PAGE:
Comprehensive DescriptionRead full entry
The body of metamorphosed females is short, its depth at the base of the pectoral fin 55–70% SL. The length of the head is 50–60% SL. The sphenotics, frontals, and preopercles all bear strong prominent spines. The preopercular spine is compressed, its distal one-half normally divided into 2–5 short broad cusps (in one specimen the spine is undivided on the left side), the upper- and lowermost spine more-or-less strongly curved. The lower jaw bears a symphysial spine. The ventral edge of the articulars is straight.
The nostrils of females are set on elongate papilla. The lateral-line organs are stalked and unpigmented. The pterygiophore of the illicium is short, completely embedded in the skin of the head. The escal bulb is sessile and spherical or distally flattened, with a diameter of about 10% SL, and completely unpigmented except for the inner wall of the photophores. There is a single short posterior escal appendage, divided distally into 2–6 short branches, simple in some juveniles.
The teeth of females are slender, recurved, and depressible, the longest about 5% SL. There are 50–80 teeth on each side of the upper and lower jaws in 40–60 mm specimens, arranged in several diagonal series, 6 to at least 10 oblique longitudinal series, and a greater number of oblique transverse series, increasing with the size of specimens.
The skin of females is totally unpigmented, the peritoneum black. Secondary subdermal pigmentation spreads posteriorly with increasing size of specimens from an anterior concentration on the dorsal surface of the trunk. It also spreads anteriorly from the base of the caudal fin, gradually obscuring the pattern of larval melanophores, and completely covering the body musculature of adults, except for the myosepta. The skin of free-living and parasitic males is also unpigmented.
The body of free-living and parasitic males is elongate. The roof of the skull is not strongly arched. Sphenotic spines are absent or represented only by a small blunt knob. The dorsal contour of the body is straight to slightly convex. The teeth are recurved and depressible. There are 20–24 on each side of the upper and lower jaws, arranged in four very distinct oblique longitudinal series, each with the length of teeth increasing posteriorly. The longest teeth are 3–4% SL and 2–4 times the length of the denticular teeth. Some jaw teeth are lost in larger parasitic males.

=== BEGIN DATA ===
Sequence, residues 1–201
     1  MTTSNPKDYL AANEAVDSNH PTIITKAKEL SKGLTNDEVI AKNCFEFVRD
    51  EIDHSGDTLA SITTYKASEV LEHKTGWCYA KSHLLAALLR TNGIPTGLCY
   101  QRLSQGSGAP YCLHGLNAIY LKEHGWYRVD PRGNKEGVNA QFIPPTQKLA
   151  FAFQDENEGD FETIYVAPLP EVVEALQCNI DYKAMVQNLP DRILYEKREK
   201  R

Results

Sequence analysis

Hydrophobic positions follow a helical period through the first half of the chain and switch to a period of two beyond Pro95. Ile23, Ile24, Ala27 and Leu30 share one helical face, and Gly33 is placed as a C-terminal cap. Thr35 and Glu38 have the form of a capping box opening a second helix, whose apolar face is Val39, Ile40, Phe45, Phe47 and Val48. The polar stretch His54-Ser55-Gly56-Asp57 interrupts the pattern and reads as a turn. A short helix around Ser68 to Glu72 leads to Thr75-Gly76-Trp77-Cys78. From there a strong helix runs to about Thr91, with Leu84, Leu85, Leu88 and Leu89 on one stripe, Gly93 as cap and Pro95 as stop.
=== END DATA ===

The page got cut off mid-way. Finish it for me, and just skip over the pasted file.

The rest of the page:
The eyes of males are directed anteriorly; they are slightly tubular, with diameters of 6–7% SL. The olfactory organs are situated on the sides of the blunt snout, well separated from the eyes and inflated, their greatest diameter about 6% SL. The anterior nostrils are directed anteriorly, about one-half the size of the posterior nostrils. The olfactory organs and eyes are degenerated in the largest parasitic males.
The skin of free-living and parasitic males is unpigmented. Subdermal pigment is present on the peritoneum and in two series of melanophores along the sides of the body: a dorsal series frequently consisting of a single row of melanophores, but sometimes two or three melanophores in width; and a ventral series of melanophores two to several melanophores in width. The dorsal and ventral series fuse to form a single group of melanophores at the base of the caudal fin.
The body shape and patterns of jaw-teeth and subdermal pigmentation of the larvae are as described for free-living males. The numbers of teeth and melanophores increase with the size of specimens. Except for metamorphic stages, the larvae are inseparable from those of the Linophryne subgenus Rhizophryne.
Fin-ray counts are shared by females and males: the dorsal and anal fins each contain 3 rays, the pectoral-fin 15 or 16 rays. The caudal-fin contains 9 rays, the ninth ray about one-half the length of the eighth.
Females reach a maximum known length of 159 mm (NMNZ P.21248); free-living males, 16 mm (MCZ 32308); and parasitic males, 15 mm (AMS I.21365-8).